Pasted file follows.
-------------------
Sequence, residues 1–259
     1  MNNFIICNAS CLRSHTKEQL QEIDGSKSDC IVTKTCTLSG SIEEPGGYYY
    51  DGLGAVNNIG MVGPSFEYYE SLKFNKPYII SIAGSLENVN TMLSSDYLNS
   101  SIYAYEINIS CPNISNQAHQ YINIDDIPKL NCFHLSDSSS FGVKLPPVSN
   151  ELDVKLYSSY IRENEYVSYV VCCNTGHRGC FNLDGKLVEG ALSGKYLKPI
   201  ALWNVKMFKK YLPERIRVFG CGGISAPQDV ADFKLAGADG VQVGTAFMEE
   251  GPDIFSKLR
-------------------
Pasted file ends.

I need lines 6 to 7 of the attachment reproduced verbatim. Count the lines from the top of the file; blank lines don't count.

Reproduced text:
   201  ALWNVKMFKK YLPERIRVFG CGGISAPQDV ADFKLAGADG VQVGTAFMEE
   251  GPDIFSKLR